NCGA Week in Review: Spotlight on Newly Elected Officials

November 18, 2016

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County election staff have spent the past ten days sorting through over 60,000 provisional ballots and absentee ballots that were postmarked by Election Day. Today is supposed to be the canvassing deadline. Voters have filed protests over the results in 11 counties and a Federal court ruling during early voting required the Division of Motor Vehicles (DMV) to create a new review process for voters who claim they registered or changed their address at the DMV. The Governor Pat McCrory’s campaign also announced that protests were going to be filed in 50 additional counties. Last night it was announced that, for these reasons, county election canvassing will be delayed. The State Board of Elections is scheduled to meet on November 29 for the statewide canvass. On election night, three council of state races remained undetermined: governor, attorney general and auditor. In any of the races, if the trailing candidate is behind by 10,000 votes or .5%, whichever is less, they can demand a recount.

The governor’s race is still to be determined. Currently, Governor Pat McCrory trails Cooper by less than 5,000 votes and it seems unlikely that the race will be determined today. Many questions exist in the race – in Bladen County more than 100-absentee ballots that favor Cooper have been called into question for potential voter fraud, and in Durham County the late tally of 94,000 early voting ballots has garnered a complaint from the Republican Party for malfeasance. There are a variety of potential scenarios to play out in coming days and weeks to determine this close race.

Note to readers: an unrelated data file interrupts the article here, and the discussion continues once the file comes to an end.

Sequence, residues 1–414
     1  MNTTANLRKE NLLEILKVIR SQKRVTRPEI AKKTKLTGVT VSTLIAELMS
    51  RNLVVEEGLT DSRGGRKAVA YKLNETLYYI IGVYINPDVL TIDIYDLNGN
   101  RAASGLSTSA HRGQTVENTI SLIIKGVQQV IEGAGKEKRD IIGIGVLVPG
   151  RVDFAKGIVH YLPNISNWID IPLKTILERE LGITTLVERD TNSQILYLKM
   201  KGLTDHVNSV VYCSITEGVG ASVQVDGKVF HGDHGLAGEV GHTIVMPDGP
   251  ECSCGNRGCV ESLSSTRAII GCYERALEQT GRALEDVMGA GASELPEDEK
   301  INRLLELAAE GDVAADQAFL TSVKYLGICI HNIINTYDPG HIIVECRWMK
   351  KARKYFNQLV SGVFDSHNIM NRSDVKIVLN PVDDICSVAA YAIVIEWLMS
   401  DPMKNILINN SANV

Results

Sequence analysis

In the race for auditor, Democratic incumbent Beth Wood has a narrow 3,000 vote lead over Republican challenger Chuck Stuber. Stuber announced that he will seek a vote recount.

In the races for insurance commissioner and attorney general, the trailing candidate has yet to concede, but the difference in votes is not within the margin needed for a recount. Democrat Josh Stein is poised to win in his race against Republican Buck Newton for attorney general. Stein has a roughly 20,000 vote lead over Newton with 50.23% of the vote. In the race for insurance commissioner, Republican Mike Causey is positioned to defeat Democratic incumbent Wayne Goodwin with 50.44% of the vote, a lead of almost 39,000 votes.

Council of State

Attorney General

With 50.23% of the vote Democrat Josh Stein is positioned to defeat Republican Buck Newton in this open seat race, however, Newton has yet to concede.

In his early career, Stein taught English and economics abroad before earning his law degree. Stein served as Senior Deputy Attorney General for Consumer Protection from 2001 to 2008 under Attorney General Roy Cooper and served in the state Senate from 2009 to 2006. Stein currently works as an attorney at a private practice. 

State Treasurer

Republican Dale Folwell is NC’s next treasurer, defeating Democrat Dan Blue III with 52.7% of the vote. Folwell will fill the seat left open by Democrat Janet Colwell, who did not seek a third term. 

Folwell is a former Vice President and Registered Investment Advisor for Deutsche Bank. Folwell’s political career began in 1992 when he was elected to serve on the Forsyth County School Board, he served on the Board for eight years. In 2004, Folwell was elected to the NC House of Representatives, where he served four terms and was elected Speaker Pro Tempore for the 2011-2012 session. Most recently, Folwell was named head of the state’s Division of Employment Security in the administration of Governor Pat McCrory.

Commissioner of Insurance

Republican Mike Causey is positioned to defeat Democratic incumbent Wayne Goodwin with 50.44% of the vote, however, Goodwin has yet to concede to Causey.

Causey has 25 years of experience in the insurance industry and is a veteran of the US Army. Currently, Causey works in community development for the NC Department of Transportation. 

State Superintendent

With 50.63% of the vote Republican Mark Johnson upset 12-year incumbent Democrat June Atkinson.